NIA director encourages wider use of transformative Alzheimer's research resources
In a plenary session at the Alzheimer’s Association International Conference (AAIC) today, NIA director Dr. Richard Hodes discussed innovative ways to conduct research, share data, and translate findings into practice to accelerate Alzheimer’s and related dementias research.
“The cutting-edge research supported and conducted by NIA and other NIH institutes has helped to revolutionize the way we think about Alzheimer’s disease and related dementias,” said Dr. Hodes. “We are eager to make the tools and resources as widely available as possible to spur us toward our urgent goal of preventing or effectively treating these diseases by 2025.”
To learn more about NIH-supported data resources and initiatives, click on the links below.
The AMP-AD program is a precompetitive partnership among government, industry, and nonprofit organizations that focuses on discovering novel, clinically relevant therapeutic targets and on developing biomarkers to help validate existing therapeutic targets.
The ABC-DS study is a joint study conducted by two groups of research collaborators—Neurodegeneration in Aging Down Syndrome (NiAD) and Alzheimer's Disease in Down Syndrome (ADDS)— and is supported by NIA and the Eunice Kennedy Shriver National Institute of Child Health and Human Development (NICHD).
The ACTC will accelerate and expand studies for therapies in Alzheimer’s disease and related dementias. The infrastructure of 35 sites across the United States will address the timeframe, complexity and expense of the recruitment process and site activation for Alzheimer’s trials to find new and effective ways to treat or prevent these devastating disorders.
The Genetics of Alzheimer’s Disease Portfolio, including the Alzheimer’s Disease Sequencing Project (ADSP), supports research to discover long term treatments for the disease by the identification of risk factor and protective genes and the underlying molecular pathways.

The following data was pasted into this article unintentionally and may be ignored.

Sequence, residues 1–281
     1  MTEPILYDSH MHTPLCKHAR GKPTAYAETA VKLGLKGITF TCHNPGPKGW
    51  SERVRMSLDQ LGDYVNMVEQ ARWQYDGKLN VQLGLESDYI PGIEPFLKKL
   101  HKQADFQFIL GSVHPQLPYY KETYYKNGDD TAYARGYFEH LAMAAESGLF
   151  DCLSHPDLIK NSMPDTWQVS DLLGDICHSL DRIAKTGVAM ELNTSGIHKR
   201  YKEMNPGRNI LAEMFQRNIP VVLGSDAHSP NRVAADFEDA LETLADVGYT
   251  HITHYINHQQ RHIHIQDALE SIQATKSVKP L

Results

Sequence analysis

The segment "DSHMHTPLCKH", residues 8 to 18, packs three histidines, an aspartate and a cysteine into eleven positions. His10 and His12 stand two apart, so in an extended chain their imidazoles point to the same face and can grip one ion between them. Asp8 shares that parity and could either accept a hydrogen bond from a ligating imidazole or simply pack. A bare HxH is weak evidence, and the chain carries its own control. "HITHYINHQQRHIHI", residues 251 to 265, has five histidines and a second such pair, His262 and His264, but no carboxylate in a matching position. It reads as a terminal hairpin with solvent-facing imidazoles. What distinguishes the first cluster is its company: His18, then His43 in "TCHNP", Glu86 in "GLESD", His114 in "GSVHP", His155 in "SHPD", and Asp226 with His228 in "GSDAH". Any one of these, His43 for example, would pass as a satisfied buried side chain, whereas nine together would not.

Launched in 2004, ADNI is an ongoing, longitudinal, multicenter study designed to develop clinical, imaging, genetic, and biochemical biomarkers for the early detection and tracking of Alzheimer’s disease.
AlzPED is a publicly available, searchable, data resource that aims to increase the transparency, reproducibility and translatability of preclinical efficacy studies of candidate therapeutics for Alzheimer’s disease.
NIA-funded Alzheimer's Disease Research Centers (ADRCs) work to translate research advances into improved diagnosis and care, as well as find ways to treat and possibly prevent Alzheimer's disease and related dementias.
DIAN is an international research effort to find solutions to treat or prevent this disease and, potentially, all forms of Alzheimer’s.
Launched in 2010 as a joint collaboration between the NIA and the Alzheimer's Association, IADRP enables users to assess the portfolios of major organizations for areas of overlap as well as areas of opportunities in which to collaborate and coordinate in a collective effort to advance AD research.
The MODEL-AD initiative works to develop, validate and disseminate new, precise animal models of Alzheimer’s disease.
M2OVE-AD is an NIH-led team-science venture to build a nuanced model of Alzheimer's disease that more accurately reflects its many causes and pathways.
Funded by NIA, NACC has developed and maintains a large relational database of standardized clinical and neuropathological research data. NACC provides a valuable resource for both exploratory and explanatory Alzheimer's disease research. NACC data are freely available to all researchers.
The goal of the National Centralized Repository for Alzheimer’s Disease and Related Dementias (NCRAD) is to support research focused on the etiology, early detection, and therapeutic development for Alzheimer's disease and related dementias.